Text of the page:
Yeah, I supposed with this record finally gotten control over my life, I finally felt like I found a balance, and then suddenly the world turns upside down
On Multi-Love you wrote about things like gender fluidity, which is a hot-button topic now. Do you feel people focus too much on what you internalize as a human being as opposed to what you want to project outwardly?
What felt weird about the last record was how people focussed too much on my personal relationships. But there were lots of other things happening to me at the time, but they weren’t as clickbait-y, because the media presented it as a concept album about a polyamorous relationship. I suppose that sounds kind of cool, but for me, Multi-Love is about many other subjects as well. I suppose I never really thought of it that way. But now, its the same thing: if I told you details about my love life, it shifts the focus, a story to tell so you can write Sex & Food is about this one subject. But the album tells more than just one story; it’s a very fractured and eclectic piece of work. I didn’t want anything to be tied down to one story and have the whole thing revolve around that. It gets a bit boring, you know?
One of the places you visited was Mexico City, and you were in the middle of a big natural disaster. Is it the first time you experienced anything of that magnitude?
I’ve actually been in three big earthquakes in my life. One in New Zealand, when I was in Wellington. That was terrifying. Two of them happened in Mexico: when the first one hit, everyone was still laughing and being drunk, it didn’t seem like so crazy. So I just didn’t worry about it so much either. The second one happened a week later, and it was much worse… I suppose, well, I was worried about dying at first! The first thing I thought was, if I die here, I’m not going to be able to finish my record. It was quite alarming that I seemed more worried about finishing my record than you know… my own life! Dying before I finished my record would be bad timing because I spent so much time on it [laughs]. It gave me this boost of adrenaline to finish the record. When I got back to Portland two weeks later, I was still pretty shaken up… but also very excited to just be alive! Even though I couldn’t finish the record in Mexico City, I still managed to…well, finish the record, because I was so anxious in the aftermath.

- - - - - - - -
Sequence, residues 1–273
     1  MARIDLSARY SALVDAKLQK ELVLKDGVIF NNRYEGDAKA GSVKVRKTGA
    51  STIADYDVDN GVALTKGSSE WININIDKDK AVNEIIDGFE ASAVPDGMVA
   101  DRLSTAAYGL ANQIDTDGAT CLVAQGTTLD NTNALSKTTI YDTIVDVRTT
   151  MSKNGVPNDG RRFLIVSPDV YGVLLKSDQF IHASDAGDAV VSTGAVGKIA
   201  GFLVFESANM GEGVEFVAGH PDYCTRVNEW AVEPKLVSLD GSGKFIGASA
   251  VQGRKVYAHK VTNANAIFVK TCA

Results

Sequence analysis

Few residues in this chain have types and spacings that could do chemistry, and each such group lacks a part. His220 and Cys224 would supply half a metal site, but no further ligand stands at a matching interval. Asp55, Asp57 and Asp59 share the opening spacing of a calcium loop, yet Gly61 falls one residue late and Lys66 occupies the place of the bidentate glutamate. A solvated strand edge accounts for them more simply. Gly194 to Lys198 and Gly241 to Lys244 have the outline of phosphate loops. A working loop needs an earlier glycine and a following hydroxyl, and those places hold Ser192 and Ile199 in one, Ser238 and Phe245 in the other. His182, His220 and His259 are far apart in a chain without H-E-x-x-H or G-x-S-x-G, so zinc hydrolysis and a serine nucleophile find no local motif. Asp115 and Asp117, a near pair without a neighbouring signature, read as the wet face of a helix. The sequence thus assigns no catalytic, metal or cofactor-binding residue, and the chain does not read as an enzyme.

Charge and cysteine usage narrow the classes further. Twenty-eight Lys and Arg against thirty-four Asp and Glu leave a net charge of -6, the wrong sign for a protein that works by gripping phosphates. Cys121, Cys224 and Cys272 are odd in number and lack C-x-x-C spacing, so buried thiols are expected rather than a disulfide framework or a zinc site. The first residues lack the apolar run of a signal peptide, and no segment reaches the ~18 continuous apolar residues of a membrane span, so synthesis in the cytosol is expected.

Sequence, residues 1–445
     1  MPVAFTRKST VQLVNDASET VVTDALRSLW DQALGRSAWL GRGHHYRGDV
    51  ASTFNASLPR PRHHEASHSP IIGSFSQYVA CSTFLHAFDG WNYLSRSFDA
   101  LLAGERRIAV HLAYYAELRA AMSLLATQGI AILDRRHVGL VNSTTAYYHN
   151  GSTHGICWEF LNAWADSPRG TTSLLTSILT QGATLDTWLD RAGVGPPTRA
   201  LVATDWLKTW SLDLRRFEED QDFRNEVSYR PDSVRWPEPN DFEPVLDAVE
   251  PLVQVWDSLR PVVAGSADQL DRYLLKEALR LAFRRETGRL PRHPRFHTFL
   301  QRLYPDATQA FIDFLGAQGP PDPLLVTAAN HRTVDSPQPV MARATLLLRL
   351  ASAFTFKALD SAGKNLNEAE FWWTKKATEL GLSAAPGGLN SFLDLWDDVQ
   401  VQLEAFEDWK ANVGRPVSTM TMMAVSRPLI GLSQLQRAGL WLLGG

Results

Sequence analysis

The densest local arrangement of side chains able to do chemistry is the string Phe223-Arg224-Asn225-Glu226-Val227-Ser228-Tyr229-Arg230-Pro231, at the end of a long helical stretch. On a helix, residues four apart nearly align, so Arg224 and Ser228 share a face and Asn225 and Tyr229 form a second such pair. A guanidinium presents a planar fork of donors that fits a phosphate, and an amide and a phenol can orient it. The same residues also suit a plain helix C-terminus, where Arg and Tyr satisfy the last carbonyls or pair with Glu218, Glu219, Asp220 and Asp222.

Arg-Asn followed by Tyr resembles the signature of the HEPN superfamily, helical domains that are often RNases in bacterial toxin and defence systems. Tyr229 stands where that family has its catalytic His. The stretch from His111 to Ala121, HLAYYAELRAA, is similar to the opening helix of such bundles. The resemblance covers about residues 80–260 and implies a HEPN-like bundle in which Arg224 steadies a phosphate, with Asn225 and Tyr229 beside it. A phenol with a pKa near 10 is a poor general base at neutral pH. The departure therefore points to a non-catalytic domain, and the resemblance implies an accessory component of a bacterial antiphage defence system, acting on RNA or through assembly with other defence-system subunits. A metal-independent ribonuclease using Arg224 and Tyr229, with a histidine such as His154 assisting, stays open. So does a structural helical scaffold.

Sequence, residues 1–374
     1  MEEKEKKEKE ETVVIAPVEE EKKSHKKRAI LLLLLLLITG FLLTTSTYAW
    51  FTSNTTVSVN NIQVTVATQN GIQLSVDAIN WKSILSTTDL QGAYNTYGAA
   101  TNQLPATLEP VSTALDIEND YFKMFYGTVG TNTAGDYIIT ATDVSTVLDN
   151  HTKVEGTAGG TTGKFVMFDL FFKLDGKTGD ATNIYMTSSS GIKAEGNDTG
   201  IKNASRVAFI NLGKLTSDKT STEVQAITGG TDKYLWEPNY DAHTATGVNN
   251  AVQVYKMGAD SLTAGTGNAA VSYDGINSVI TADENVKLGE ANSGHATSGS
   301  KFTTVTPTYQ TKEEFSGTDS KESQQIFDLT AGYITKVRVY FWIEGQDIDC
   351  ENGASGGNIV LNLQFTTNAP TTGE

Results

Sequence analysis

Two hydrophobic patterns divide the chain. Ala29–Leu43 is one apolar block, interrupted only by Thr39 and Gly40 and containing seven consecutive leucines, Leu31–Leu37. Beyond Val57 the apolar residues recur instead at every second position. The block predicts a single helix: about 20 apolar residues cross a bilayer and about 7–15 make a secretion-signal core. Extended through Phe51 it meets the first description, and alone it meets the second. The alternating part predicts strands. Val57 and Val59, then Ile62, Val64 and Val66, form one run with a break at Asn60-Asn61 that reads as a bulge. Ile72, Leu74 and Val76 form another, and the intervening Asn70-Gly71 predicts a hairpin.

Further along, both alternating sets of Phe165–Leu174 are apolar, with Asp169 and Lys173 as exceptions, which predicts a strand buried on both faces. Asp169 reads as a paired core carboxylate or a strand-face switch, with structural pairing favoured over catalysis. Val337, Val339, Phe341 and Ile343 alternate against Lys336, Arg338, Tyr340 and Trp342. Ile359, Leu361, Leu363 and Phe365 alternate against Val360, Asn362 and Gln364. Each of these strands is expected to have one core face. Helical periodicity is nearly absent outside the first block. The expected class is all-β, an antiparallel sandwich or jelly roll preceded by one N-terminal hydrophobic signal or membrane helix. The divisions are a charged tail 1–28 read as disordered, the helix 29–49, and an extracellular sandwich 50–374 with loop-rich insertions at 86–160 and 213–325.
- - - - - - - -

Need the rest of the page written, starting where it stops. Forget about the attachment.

It’s interesting that you first thought in the face of death was about finishing the record. Last time I interviewed you, you told me you weren’t sure whether you seek out certain situations to drive yourself creatively, or whether that’s just in your nature anyway.
Yeah, it’s still a mission for me, I realized that. It’s one of the reasons I asked Jake (Portrait) to come to Mexico City with me to finish the record. Of course I was worried about him, because there was this huge earthquake. So I felt I was putting him at risk, and I felt guilty about that. I have to be careful. That’s the same thing about what I said earlier about “the story”: I’m not just talking about my life, but my wife’s life, my family’s life. I’m exposing the lives of other people to this project. So I have to be aware of the fallout if I decide to do whatever I want. I think I’m much clearer on that now, more than I was back then. I was still wondering what I was supposed to do, being creative, honest and open? I realized: “Yeah sure” but at the same time, it’s not my place to expose or compromise other people’s privacy.